On your camera, there should be a dial or arrows somewhere. Depending on the shutter speeds you want, move the dial left or right/arrows up or down. 1/1000, 1/250, 1/30, 1/2, 1/4, and so on.
When taking a photograph, shutter speed or exposure time refers to the amount of time the film or digital sensor inside the camera is exposed to light. The exposure duration is proportional to the amount of light that reaches the film or image sensor. 1/500 sec lets in half as much light as 1/250 sec.
More light strikes the sensor as the shutter speed is longer, resulting in a brighter image. Faster shutter speeds allow less light to reach the sensor, resulting in a darker image. Shutter speed, in addition to brightness, determines how motion is captured in your photograph.
When shooting handheld, your shutter speed should not be faster than the focal length of your lens. If you're using a 200mm lens, for example, your shutter speed should be 1/200th of a second or faster to get a sharp image.
The shutter speed of a camera is exactly what it sounds like: the rate at which the shutter closes. A rapid shutter speed generates a shorter exposure — the amount of light the camera takes in — and a slow shutter speed gives the photographer a longer exposure.
Displayed on a digital or film camera as Tv or S, Tv means "time value". When choosing Shutter priority you are in control of the shutter speed you want to shoot at, you let the camera decide on the best aperture for the well-exposed shot.
How fast does a shutter speed have to be to freeze motion?
That depends on the speed with which your subject moves. To freeze motion, a shutter speed of 1/250 of a second is required. However, for some subjects, 1/250 isn't fast enough.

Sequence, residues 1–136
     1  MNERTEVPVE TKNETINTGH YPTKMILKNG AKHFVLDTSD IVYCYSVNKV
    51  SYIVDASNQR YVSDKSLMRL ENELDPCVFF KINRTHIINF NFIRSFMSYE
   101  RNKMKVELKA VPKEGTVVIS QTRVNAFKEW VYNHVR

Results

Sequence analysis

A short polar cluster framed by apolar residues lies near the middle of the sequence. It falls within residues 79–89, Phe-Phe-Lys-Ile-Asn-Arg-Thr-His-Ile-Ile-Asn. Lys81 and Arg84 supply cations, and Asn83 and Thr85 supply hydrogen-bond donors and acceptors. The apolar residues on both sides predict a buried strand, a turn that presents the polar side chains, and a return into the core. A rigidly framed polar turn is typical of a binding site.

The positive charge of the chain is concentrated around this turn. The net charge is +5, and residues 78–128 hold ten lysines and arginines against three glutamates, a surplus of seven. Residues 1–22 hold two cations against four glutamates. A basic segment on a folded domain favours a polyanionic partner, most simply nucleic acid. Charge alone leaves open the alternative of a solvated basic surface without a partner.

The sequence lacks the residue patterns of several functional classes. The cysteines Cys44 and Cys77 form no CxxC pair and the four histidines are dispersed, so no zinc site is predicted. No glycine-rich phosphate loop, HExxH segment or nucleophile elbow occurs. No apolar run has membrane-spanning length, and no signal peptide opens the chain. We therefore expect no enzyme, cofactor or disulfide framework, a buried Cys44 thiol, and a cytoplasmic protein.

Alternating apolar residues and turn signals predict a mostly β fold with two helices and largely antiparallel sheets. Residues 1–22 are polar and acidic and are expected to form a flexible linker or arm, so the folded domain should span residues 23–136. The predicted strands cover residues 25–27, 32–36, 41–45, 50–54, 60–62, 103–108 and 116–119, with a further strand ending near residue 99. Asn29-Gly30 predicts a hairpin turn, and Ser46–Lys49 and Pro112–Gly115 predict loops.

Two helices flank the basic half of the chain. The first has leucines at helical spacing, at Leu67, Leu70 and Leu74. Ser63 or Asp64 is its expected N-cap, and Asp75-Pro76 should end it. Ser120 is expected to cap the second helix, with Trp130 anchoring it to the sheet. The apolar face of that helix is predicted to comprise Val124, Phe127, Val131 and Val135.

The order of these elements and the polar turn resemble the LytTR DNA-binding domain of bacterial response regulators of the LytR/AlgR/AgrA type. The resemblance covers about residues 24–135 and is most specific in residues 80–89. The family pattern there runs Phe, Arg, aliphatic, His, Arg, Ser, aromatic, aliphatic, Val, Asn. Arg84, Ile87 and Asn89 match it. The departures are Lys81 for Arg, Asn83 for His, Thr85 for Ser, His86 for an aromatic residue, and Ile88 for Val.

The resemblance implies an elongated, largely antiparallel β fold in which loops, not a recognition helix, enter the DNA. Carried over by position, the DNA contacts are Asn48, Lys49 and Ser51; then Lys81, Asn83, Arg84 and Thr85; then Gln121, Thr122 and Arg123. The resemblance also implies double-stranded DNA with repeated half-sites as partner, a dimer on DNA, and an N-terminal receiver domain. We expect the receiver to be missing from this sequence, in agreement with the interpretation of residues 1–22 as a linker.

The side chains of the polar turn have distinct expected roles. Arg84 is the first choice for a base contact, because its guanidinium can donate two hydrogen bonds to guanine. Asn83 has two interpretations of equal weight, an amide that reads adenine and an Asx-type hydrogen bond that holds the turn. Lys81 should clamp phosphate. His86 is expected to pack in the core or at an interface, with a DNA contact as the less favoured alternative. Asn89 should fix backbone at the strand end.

What if the shutter speed is set too fast?
It's possible that the image you took will be excessively dark. It's possible that the camera won't be able to communicate with shutter-dependent devices. You may also discover that you have a lot of images that are beautifully clear but were taken too rapidly to present your desired emotional outcome.
Measuring a slow shutter speed.
The shutter remains open for a longer period of time when utilising a slow shutter speed. This not only allows for more light to be recorded, but it also blurs any moving objects. Slow shutter speeds are frequently utilised while photographing in low-light situations or when capturing motion blur. Use a tripod to avoid any unnecessary additional motion caused by camera movement. This helps to avoid the image being contaminated by camera movement.
Slow shutter rates can be coupled with flash to record both frozen and blurred movement, which can be utilised for creative methods like panning. However, you should never utilise a shutter speed that is slower than your focal length.
Measuring a fast shutter speed.
Faster shutter speeds mean the shutter stays open for a shorter length of time, allowing light to pass through the sensor more quickly. Faster shutter speeds freeze movement, making them ideal for photographing fast-moving subjects like sports or wildlife.